When Welcome means "Welcome"

Imagine for a moment that you are a first-time guest at Maranatha. You have just moved to Columbus and are looking for a new church family.


Everything is new! New people. New building. New music. New teachers. New structure.


Sometimes it’s easy to feel like you’re in a different world altogether, and that no one is speaking your language. Even simple expressions of kindness can seem insufficient or insincere if they’re not communicated in a way that people understand.

Of course, we want to be hospitable! We want to show the love of Christ, but how can we communicate that in a way that will be understood? How can we say, “Welcome to Maranatha” and it not sound like a foreign language?


What questions would you ask?

Let’s begin by considering the questions you might ask if you were a first-time guest and how you would get the information. You care about the primary issues regarding the teaching of the Word, essential doctrines, core values, philosophy of ministry, programs for the family, and heart for the gospel. You’ve done some initial “fact-finding” online through the church’s website. You’ve read the statement of faith, explored the various ministries, and listened to a sermon or two, but there are still so much to learn.


The language is unfamiliar

Depending on your previous church experience, there is still so much that is unfamiliar. What is “small group” and what purpose does it serve? What is membership and why is that important? What is “neighboring” all about – and how does it relate to mission? How does a person get connected? How do they get involved in ministry? What opportunities exist? How do I get to know people on a deeper level? How do I begin to grow in my relationship with Christ? What seems so obvious to us as long-time members of Maranatha is foreign to many of those who visit us for the first time.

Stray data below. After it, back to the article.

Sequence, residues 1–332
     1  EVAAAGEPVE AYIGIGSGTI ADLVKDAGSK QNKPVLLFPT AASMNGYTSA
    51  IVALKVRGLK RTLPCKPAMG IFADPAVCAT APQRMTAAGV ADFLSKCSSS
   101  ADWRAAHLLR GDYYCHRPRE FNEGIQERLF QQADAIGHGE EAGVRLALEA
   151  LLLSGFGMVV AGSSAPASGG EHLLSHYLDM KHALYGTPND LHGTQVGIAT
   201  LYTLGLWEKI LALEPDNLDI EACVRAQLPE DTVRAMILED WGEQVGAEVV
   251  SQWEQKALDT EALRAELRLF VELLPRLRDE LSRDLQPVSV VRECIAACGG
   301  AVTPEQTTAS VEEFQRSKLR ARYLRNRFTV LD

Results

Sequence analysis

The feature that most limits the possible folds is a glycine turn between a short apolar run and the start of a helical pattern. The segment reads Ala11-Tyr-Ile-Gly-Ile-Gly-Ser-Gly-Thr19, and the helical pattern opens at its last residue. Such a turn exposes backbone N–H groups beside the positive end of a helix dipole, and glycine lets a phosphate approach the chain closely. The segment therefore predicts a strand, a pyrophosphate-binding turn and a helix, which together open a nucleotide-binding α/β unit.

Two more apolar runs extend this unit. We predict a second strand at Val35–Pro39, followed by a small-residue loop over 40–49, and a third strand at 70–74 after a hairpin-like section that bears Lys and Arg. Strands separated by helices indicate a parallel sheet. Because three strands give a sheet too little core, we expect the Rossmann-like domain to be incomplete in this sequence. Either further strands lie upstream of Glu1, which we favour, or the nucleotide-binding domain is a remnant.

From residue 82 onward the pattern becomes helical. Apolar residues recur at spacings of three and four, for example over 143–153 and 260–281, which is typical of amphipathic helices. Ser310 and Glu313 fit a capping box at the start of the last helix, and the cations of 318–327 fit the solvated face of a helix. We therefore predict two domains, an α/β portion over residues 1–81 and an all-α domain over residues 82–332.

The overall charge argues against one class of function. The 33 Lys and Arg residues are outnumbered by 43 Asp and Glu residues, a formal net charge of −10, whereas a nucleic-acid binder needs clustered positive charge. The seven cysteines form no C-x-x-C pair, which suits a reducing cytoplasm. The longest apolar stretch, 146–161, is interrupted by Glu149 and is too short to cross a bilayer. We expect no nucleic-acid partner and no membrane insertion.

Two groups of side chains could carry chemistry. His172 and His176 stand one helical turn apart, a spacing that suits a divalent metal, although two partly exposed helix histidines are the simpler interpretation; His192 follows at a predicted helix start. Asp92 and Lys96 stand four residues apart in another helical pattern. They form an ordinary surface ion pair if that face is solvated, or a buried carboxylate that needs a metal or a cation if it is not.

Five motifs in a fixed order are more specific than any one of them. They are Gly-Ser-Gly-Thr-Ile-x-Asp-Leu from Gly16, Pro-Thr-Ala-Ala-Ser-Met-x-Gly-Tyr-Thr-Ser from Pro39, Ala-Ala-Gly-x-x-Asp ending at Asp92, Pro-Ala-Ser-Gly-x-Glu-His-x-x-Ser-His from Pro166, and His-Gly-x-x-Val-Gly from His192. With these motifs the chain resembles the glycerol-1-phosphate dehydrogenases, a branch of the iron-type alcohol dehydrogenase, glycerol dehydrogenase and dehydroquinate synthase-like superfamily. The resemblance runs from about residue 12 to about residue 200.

Making the next steps clear


As we seek to communicate warmth and courtesy, it is important for us to take initiative in welcoming people into deeper relationship by making the next steps as clear and accessible as possible. We believe that this requires a concerted effort on the part of every member of our church, not only to show courtesy and kindness, but also to invite them to learn more about us in tangible ways they will understand.


One way we have done this is by introducing Pizza with the Pastors. This is a luncheon we plan to make available every quarter to engage our guests on a more personal level. This gives your pastoral staff the opportunity to make a connection, answer questions, convey our core values, and describe our philosophy of ministry (in September we had 20 people attend). This also gives us the chance to encourage our guests to learn more about our church through our four-week Welcome to Maranatha class that begins the following week.


The Welcome to Maranatha class is intended to introduce some the basic concepts of the church: Why does it exist? What is my personal responsibility? What does a healthy church look like? and Why is membership important? We recognize that there are many who visit our church who have never come to grips with the significance of corporate worship, and this class seeks to answer that question. We also provide an opportunity for them to become familiar with our essential doctrines as well as the distinctives that make us Maranatha. We provide tools on how to create a personal testimony, and we walk them through the gospel. We spend some time talking about the significance of ministry within the church and we’ve included a spiritual gifts inventory, so they can begin to discover the way they can contribute to the body. It’s our desire to use this class as a gateway to assimilation – to proactively move people from the periphery into the center. To welcome them into relationship and show them how God might use them in our body and grow them in spiritual maturity.


We think this is one more step in helping us say, “Welcome to Maranatha.”

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